With the passing of more than 24 hours following the attack against Guyana Times columnist Ryhaan Shah, which saw three armed bandits carting off her Toyota Allion motor car, the cultural activist is seeking justice, as Police are yet to narrow down possible suspects.
This is after ranks attached to the Alberttown Police Station were stalled in their investigations owing to the “lack of vehicles” at the outpost to transport the officers to and from the scene of the crime.
At approximately 13:20h on Saturday, the three gun-wielding men, said to be of African descent, pounced upon Shah just as she pulled up at her Irving Street, Georgetown residence.
The 66-year-old told this publication that while she was opening the gates to her home, the gunmen attacked and grabbed the keys to her silver-grey Toyota Allion motor car, bearing registration number PLL 1127, and immediately drove off in the said vehicle.
A neighbour who witnessed the incident quickly reported it via the newly-reinstalled 911 emergency call system. However, this was to no avail as ranks failed to show up at the scene of the crime.
It was only after the writer was taken to the Alberttown outpost that she discovered that the officers were not dispatched as there were no vehicles at the time. As such, the much-needed prompt response was delayed, allowing the carjackers to make good their escape.
Meanwhile, Shah is of the belief that given the swiftness of the carjacking, the three armed men staked out her home, whether as a pre-planned robbery or as part of a scheme to attack the public figure, who was one of the nominees for chairmanship of the Guyana Elections Commission (GECOM).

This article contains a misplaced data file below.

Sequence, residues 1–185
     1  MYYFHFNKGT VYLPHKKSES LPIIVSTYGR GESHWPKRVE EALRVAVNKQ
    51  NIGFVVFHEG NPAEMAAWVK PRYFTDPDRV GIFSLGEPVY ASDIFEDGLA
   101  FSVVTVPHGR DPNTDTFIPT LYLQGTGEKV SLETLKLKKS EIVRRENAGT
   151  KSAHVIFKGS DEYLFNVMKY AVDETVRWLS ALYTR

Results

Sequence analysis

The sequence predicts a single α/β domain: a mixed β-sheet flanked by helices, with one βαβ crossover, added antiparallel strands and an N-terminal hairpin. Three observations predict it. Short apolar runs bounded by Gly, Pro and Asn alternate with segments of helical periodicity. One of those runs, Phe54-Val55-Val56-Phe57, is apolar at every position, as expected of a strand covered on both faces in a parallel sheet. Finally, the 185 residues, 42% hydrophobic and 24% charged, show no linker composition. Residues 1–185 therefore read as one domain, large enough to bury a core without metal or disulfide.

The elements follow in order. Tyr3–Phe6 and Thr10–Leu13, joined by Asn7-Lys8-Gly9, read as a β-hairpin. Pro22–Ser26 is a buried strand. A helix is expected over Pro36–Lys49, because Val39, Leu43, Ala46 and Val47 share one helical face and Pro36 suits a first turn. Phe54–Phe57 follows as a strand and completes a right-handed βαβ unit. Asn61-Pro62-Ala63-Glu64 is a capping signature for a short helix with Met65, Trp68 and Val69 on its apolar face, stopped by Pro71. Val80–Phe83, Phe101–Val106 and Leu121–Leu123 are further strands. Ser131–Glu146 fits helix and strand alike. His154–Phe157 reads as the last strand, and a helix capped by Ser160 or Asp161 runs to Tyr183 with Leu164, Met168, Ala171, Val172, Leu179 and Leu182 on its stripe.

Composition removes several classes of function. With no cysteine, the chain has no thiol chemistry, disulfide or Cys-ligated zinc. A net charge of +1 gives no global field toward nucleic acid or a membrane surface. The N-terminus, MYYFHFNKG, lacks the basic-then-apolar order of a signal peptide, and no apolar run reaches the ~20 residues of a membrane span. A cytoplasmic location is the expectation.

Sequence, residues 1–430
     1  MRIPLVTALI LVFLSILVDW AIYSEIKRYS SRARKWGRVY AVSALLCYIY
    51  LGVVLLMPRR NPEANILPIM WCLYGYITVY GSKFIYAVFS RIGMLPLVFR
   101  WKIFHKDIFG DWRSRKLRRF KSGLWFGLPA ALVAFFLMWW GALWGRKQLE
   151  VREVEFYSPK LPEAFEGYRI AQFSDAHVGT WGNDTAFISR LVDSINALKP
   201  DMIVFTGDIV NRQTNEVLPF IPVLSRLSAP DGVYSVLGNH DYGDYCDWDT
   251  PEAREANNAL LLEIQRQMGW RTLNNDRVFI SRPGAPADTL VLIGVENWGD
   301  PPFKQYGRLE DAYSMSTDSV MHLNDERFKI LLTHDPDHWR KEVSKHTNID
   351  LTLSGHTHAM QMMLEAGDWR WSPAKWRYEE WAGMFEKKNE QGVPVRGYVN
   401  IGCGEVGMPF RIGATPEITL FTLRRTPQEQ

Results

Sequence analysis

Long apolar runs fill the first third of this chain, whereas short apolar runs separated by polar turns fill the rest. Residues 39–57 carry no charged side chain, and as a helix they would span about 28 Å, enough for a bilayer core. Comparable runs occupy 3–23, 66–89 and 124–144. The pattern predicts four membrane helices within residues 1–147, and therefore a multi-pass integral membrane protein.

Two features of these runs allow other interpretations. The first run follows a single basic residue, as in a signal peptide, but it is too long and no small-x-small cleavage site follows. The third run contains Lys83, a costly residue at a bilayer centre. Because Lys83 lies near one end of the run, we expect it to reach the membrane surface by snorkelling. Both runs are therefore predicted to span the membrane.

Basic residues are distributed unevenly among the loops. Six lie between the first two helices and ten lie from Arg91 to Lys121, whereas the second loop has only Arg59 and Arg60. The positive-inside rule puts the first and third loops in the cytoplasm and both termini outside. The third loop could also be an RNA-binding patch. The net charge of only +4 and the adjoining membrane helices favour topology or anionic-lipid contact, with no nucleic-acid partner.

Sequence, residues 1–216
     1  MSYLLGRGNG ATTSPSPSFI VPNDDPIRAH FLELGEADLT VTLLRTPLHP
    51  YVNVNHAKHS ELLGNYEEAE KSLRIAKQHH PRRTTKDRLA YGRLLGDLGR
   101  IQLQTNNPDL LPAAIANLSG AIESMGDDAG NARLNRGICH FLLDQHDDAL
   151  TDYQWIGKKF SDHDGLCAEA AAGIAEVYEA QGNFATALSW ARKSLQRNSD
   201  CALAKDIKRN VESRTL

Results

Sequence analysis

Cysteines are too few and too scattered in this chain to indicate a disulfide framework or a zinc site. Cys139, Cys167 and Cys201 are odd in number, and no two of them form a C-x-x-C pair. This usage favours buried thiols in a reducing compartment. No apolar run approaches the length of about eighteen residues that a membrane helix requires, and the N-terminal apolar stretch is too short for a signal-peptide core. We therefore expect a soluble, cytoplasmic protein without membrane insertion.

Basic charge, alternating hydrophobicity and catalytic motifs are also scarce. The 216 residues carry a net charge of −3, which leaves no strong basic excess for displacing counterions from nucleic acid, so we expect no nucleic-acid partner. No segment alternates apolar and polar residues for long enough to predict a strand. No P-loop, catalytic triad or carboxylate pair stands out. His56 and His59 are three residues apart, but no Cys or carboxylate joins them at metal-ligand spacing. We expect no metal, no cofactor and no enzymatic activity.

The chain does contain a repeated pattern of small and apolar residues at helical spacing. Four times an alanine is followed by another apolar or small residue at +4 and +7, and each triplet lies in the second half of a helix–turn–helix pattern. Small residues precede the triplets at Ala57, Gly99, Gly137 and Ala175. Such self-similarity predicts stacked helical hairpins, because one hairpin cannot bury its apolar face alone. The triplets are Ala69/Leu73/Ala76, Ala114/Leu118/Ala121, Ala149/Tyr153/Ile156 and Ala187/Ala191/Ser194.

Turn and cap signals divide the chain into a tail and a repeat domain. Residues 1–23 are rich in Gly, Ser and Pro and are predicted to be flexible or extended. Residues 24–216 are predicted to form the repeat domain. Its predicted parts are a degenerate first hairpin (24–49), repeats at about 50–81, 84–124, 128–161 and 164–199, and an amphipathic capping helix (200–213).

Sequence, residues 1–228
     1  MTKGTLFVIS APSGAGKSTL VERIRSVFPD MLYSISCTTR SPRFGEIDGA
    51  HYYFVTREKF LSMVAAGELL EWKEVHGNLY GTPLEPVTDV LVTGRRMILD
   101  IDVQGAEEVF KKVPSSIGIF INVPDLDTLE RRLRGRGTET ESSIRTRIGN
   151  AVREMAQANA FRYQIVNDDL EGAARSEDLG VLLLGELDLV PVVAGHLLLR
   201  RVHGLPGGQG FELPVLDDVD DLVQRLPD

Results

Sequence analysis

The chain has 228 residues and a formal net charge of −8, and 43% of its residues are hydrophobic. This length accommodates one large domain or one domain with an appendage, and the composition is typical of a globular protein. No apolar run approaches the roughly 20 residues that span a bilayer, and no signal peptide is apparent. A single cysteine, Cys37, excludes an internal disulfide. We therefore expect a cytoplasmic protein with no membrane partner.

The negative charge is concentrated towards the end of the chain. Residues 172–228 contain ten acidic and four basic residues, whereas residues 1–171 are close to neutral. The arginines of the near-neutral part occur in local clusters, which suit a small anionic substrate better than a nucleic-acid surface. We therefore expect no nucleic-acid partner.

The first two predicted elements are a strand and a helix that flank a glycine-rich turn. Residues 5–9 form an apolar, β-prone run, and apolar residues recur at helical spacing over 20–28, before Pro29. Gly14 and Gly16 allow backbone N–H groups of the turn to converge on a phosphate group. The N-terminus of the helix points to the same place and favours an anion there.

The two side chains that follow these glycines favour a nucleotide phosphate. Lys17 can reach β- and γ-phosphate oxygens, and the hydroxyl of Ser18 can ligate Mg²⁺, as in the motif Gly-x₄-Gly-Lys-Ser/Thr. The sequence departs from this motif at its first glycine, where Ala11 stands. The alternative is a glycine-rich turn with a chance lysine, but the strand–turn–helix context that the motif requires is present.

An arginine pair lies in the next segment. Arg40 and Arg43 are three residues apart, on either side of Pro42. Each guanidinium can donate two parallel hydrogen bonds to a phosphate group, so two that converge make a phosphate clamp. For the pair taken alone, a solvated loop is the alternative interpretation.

Adding to that, Inews understands that efforts were made to intercept the hijackers as they drove off in the stolen car. As such, Shah extended gratitude to the eyewitness who made attempts to rush to her rescue.
In fact, it was the very neighbour who assisted the traumatised woman in transporting the investigators to and from the scene of the crime.
This incident marks the second time Shah has been attacked at her residence, after her handbag was ripped out of her clutches by bandits just last year.
Meanwhile, this case coincides with another hijacking which saw an Indian national being relieved of his motorcar, a quantity of cash and a cell phone in the vicinity of the Kitty Seawall in Georgetown, by two men armed with a knife and a gun.
This is in light of a warning issued by the Guyana Police Force, as the frequency of vehicular hijacking cases continues to escalate in recent months. Reports reveal that bandits, most of whom are armed and masked, have gone on a rampage targeting vehicle owners, particularly those driving Toyota Allion and Toyota Premio motor cars.
The most common cases are those where the perpetrators pretend to be passengers in order to lure taxi drivers into convenient locations to allow for them to cart off their cars.
Given the spike in such crimes, most of these cases have gone unresolved.
Similarly, Shah, as well as the Indian national, are still awaiting any information which may lead to the recovery of their vehicles.